Language practice that includes meaningful interaction is a critical component of many current teaching theories. At the same time, existing research on intelligent computer-aided language learning (ICALL) systems has focused primarily on providing practice with grammatical forms. Thus, there is a real need for ICALL systems that provide accurate content assessment. This thesis addresses that need by taking an empirically driven approach to the exploration of content assessment.
The primary source of material for this exploration is a new corpus of language learner data. The corpus is comprised exclusively of responses to short-answer reading comprehension questions by intermediate English language learners. Responses to these questions are ideal for developing and testing an approach to content error diagnosis because they exhibit linguistic variation on lexical, morphological, syntactic and semantic levels, but they have definable target responses that reflect acceptable content. The corpus is one of the first known to be annotated with diagnoses of meaning errors. Diagnoses were developed by analyzing the learner data and adopting an annotation scheme based on target modification. This corpus provided invaluable insight into the considerations necessary for developing an approach to diagnosing meaning errors.
Because variation is possible across learner responses, any degree of content assessment must be flexible and support the comparison of target and learner responses on several levels including token, chunk and relation levels. This thesis presents an architecture for a content assessment module (CAM) which provides this flexibility using multiple, surface-based matching strategies and existing language processing tools. Results show that content assessment using shallow NLP strategies is feasible for language activities of the type used for the case study. Detection of meaning errors approaches 90%. Results also indicate that diagnosis of meaning errors is possible using an approach that relies on machine learning, though additional testing with a larger corpus is needed. By developing and testing this model, as well as exploring the middle ground of activities, this work begins to bridge the gap between what is practical and achievable from a processing perspective and what is desirable from the perspective of current theories of language instruction.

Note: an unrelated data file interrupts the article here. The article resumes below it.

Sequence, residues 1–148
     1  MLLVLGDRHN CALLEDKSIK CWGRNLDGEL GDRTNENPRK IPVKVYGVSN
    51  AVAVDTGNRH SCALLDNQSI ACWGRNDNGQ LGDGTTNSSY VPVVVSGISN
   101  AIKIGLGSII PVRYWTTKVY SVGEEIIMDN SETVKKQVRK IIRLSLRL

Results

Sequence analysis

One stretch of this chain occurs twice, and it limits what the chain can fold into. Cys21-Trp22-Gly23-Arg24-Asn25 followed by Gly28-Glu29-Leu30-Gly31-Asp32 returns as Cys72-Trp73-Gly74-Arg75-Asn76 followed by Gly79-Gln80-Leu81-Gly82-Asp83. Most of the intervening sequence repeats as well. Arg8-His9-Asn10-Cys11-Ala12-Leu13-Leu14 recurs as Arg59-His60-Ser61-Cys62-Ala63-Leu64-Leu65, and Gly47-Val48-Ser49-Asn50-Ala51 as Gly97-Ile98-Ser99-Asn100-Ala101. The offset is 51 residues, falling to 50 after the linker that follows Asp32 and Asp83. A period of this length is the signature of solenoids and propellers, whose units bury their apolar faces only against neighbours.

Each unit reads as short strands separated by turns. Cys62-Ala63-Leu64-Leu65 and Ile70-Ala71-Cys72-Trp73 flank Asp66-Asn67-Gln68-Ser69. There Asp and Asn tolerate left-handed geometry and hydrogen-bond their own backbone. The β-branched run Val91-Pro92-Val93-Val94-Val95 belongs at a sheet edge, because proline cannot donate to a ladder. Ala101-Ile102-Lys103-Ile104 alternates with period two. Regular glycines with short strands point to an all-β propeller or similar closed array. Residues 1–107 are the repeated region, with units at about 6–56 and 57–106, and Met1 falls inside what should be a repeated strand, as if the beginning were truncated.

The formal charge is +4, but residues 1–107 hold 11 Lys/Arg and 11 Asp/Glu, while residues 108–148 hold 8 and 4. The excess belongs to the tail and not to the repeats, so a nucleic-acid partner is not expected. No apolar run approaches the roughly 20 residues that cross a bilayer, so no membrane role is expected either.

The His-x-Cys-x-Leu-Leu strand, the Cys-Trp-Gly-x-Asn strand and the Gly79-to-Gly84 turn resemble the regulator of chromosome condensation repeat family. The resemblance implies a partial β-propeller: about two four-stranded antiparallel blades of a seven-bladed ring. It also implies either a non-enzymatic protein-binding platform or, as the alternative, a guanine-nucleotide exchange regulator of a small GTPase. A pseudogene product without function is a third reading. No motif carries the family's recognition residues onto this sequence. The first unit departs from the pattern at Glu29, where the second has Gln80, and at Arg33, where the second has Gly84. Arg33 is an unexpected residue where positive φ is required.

|Advisor:||Meurers, W. Detmar|
|Commitee:||Brew, Christopher, Long, Donna R., Meurers, W. Detmar|
|School:||The Ohio State University|
|School Location:||United States -- Ohio|
|Source:||DAI-A 78/11(E), Dissertation Abstracts International|
|Subjects:||Linguistics, English as a Second Language, Educational technology|
|Keywords:||Content assessment, ICALL, Language learning, Meaning error diagnosis, Natural language processing|
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